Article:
LucasFilm head Kathleen Kennedy probably thought J.J. Abrams was a safe pair of hand to replace Colin Trevorrow on Star Wars: Episode 9. However, with Star Wars: The Rise of Skywalker, Abrams directed arguably the most polarising Star War movie yet, causing more heated discussion amongst the fandom than even Rian Johnson did with The Last Jedi.
Since The Rise of Skywalker’s release, we’ve witnessed a swirling gyre of interviews and Twitter hashtag campaigns that have given rise to rumours of a fabled J.J. Abrams cut: an alleged three-hour version of Episode 9 that exists, frozen in Carbonite, somewhere in Disney’s vaults.
The initial rumblings of the so-called "J.J. Cut" were started by a Reddit user, who claimed they knew someone (presumably a Bothan spy) on the inside. But what's the actual likelihood of there being a totally different version of The Rise of Skywalker being left on the cutting room floor, like Ponda Baba's arm in the cantina? And if it exists, what’s been annexed from the movie for the theatrical cut? Let's get down to brass (or Hasyian smelt) tacks of the alleged J.J.Cut.
Warning: As you may expect, spoilers for Star Wars: The Rise of Skywalker below.
The evidence for a J.J. Cut of Star Wars: The Rise of Skywalker
Where there's smoke, there's fire, and you can't get much smokier than an actor or writer mentioning a Director's Cut. Here's what we know was cut, based on interviews from key players.
The Battle of Exegol scenes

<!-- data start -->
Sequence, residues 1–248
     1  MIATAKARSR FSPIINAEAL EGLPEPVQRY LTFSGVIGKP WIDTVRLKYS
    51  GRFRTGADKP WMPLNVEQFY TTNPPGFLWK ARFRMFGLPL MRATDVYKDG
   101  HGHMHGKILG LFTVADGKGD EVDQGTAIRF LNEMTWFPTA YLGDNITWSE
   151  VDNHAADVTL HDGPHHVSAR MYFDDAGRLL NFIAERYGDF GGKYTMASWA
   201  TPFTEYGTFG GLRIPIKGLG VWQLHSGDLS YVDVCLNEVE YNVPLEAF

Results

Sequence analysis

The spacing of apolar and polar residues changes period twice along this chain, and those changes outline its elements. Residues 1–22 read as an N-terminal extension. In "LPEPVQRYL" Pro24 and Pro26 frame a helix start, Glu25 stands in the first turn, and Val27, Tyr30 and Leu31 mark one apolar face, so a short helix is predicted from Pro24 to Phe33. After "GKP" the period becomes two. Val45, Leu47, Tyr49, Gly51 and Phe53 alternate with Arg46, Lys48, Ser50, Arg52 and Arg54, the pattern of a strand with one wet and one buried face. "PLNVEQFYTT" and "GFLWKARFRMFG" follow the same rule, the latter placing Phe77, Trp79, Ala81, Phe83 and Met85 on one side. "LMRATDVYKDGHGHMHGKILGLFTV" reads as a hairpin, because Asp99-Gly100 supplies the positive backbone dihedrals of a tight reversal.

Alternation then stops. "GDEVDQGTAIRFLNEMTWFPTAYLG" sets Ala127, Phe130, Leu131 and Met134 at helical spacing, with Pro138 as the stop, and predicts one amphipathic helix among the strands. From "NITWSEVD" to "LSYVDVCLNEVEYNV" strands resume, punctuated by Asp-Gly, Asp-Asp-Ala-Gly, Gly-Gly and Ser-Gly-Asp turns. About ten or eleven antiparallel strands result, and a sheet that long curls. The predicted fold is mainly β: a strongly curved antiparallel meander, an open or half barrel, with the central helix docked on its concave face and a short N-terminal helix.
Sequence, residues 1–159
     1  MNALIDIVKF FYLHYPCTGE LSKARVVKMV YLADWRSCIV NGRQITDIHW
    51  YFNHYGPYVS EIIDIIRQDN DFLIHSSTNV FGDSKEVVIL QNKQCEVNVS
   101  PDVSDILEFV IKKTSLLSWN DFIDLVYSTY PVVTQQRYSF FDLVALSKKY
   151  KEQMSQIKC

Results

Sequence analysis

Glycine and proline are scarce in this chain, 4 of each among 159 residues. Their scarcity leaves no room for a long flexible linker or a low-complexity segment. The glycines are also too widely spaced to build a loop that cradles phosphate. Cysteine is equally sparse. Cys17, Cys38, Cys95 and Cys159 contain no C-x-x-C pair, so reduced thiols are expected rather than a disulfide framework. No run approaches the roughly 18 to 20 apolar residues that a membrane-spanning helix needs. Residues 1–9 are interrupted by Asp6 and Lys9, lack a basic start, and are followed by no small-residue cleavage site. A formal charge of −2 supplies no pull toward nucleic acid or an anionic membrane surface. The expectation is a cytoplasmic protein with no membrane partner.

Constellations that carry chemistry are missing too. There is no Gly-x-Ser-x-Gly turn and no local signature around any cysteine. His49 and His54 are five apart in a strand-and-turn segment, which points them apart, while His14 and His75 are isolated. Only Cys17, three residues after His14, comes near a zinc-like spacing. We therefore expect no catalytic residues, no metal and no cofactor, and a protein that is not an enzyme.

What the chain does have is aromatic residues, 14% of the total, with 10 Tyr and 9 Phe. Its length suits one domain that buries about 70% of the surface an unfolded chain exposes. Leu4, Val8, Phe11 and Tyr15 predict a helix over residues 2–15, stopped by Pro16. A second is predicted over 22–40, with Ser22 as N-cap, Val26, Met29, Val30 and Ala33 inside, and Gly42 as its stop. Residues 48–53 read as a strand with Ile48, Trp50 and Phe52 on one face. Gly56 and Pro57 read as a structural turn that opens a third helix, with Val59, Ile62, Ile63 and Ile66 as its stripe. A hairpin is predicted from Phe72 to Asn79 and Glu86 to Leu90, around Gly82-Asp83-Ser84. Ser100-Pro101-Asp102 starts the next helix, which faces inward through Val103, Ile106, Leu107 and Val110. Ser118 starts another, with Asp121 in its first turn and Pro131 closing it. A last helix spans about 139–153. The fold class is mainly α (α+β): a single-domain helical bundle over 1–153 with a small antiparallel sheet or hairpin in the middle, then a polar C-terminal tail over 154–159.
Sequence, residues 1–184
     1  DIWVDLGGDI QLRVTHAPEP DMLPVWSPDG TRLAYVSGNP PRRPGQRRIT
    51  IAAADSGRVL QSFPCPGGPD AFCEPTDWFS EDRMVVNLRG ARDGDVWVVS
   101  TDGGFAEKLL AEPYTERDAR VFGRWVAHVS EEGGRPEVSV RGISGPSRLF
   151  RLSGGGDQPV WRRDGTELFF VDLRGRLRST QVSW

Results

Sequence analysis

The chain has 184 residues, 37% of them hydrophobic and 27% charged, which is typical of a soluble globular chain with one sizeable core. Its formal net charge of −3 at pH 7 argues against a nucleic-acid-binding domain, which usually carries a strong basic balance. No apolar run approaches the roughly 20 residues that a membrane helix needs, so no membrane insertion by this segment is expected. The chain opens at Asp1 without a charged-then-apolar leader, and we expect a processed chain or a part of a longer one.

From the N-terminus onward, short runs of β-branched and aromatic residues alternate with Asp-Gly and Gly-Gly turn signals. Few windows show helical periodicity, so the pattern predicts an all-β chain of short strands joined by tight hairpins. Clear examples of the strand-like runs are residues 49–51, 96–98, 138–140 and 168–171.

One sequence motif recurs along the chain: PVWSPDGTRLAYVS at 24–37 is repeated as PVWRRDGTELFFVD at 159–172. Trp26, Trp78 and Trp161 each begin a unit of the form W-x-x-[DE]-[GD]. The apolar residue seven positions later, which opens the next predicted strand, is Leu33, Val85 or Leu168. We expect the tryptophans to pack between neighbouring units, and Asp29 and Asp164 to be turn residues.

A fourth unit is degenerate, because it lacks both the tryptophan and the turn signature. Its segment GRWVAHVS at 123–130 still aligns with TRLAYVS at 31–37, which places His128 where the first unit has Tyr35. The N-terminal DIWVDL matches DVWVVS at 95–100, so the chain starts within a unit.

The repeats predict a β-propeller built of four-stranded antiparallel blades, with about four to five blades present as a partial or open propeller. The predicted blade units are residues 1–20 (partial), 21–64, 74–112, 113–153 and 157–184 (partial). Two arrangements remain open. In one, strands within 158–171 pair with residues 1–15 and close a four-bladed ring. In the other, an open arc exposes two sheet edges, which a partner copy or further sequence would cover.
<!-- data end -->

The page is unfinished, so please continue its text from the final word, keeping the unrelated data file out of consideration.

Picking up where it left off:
As GamesRadar+ previously reported, Beaumont Kin actor Dominic Monaghan told The Hollywood Reporter that he was "hoping for a director's cut so we'll get to see more and more of the stuff that was filmed." He alludes to a scene involving him, Kelly Marie Tran's Rose Tico, and Billie Lourd's Lieutenant Connix where Connix injures her leg during the final battle at Exegol. “Obviously, myself, Rose and Connix are exiting the battle, and Rose has a weapon," He says. "While Rose is busy doing stuff, I grab Connix’s arm and put it over my shoulder to make sure that all of us come back as unscathed as possible.”
Monaghan also discusses how much of his character's backstory was left behind during edits, saying: "One of the things about my character that was a little bit more established — in terms of everything that we filmed — was that he was a code-breaker, Beaumont. So, a lot of the information that had come to our heroes had come through Beaumont.”